Literature Study Guides1984Book 2 Chapter 7 Summary


George Orwell

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Book 2 | Chapter 7

Course Hero's video study guide provides in-depth summary and analysis of Book 2 | Chapter 7 of George Orwell's novel 1984.

1984 | Book 2, Chapter 7 | Summary



Winston awakens from a dream that took place inside the paperweight. The dream was of the early days of the Revolution when his family lived in a small room. His father had disappeared some time before, and the child Winston greedily took all of the chocolate his family—now just his small sister and mother—had been rationed. He ran away from them, and when he returned his family was gone. He tells Julia he had always thought that he murdered his mother.

Julia comes fully awake when Winston says aloud, "The proles are human beings. We are not human." He believes that emotions make people human, and, because Party members are without emotions, they are already dead. He decides they should part: if she stays clear of him, she can survive. She decides to do whatever he does even if that means rebellion. They decide that, if the Party makes them confess, their feelings will not change. The real betrayal, Winston says, would be to make them stop loving each other. He thinks the Party can't do that.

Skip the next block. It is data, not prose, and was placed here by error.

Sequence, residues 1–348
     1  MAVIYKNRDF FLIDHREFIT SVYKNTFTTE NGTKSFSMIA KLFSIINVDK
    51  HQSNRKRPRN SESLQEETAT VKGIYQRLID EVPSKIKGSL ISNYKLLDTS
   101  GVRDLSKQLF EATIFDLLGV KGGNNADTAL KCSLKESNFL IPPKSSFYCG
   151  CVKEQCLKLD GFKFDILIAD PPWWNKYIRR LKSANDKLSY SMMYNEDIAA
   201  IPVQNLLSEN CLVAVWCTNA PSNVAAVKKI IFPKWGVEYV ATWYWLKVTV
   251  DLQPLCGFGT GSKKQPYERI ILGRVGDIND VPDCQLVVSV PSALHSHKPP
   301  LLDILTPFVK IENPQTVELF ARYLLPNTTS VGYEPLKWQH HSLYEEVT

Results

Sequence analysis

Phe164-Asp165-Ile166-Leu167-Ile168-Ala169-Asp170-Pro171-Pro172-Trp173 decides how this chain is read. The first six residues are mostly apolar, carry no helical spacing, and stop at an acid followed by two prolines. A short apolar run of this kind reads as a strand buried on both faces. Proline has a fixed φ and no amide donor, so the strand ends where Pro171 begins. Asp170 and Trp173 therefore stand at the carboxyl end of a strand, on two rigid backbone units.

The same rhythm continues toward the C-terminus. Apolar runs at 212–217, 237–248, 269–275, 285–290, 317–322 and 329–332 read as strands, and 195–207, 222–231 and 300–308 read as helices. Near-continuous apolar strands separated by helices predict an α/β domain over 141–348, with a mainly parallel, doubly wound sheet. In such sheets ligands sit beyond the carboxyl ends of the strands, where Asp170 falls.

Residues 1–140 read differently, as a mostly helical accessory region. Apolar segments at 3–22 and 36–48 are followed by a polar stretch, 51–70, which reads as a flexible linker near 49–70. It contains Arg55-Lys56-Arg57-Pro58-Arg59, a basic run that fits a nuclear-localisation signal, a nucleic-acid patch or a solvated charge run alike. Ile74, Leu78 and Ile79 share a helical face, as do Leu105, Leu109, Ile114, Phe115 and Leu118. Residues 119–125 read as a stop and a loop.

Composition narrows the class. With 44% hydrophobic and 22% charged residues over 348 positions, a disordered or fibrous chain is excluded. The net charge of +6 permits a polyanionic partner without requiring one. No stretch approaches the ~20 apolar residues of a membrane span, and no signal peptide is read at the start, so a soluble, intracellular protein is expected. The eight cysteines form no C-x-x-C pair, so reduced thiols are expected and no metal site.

Winston's realization of what the Party has done is becoming clearer. He realizes that, in the midst of futilely trying to take care of her kids, his mother exhibited a kind of nobility and had feelings. The Party has robbed the people of feelings and natural impulses. But the proles have retained their natural sympathies. Winston's memory of the time he coldly kicked a severed hand into the street drives home his belief that the proles are the only ones with any feelings.

Winston believes that the Party will find and kill him. But he knows that, as long as he can hold onto his feelings, they cannot kill his spirit. Winston's sexual relationship with Julia and the practice of writing in his diary—both illegal acts—are what allow him to finally wake up to his internal feelings. He and Julia begin to believe there is a difference between their private space and the public space of the Party and make a promise to continue their love for one another, even if (when) the Party captures them. This is what makes Winston a rebel—his faith in the value of human emotion.

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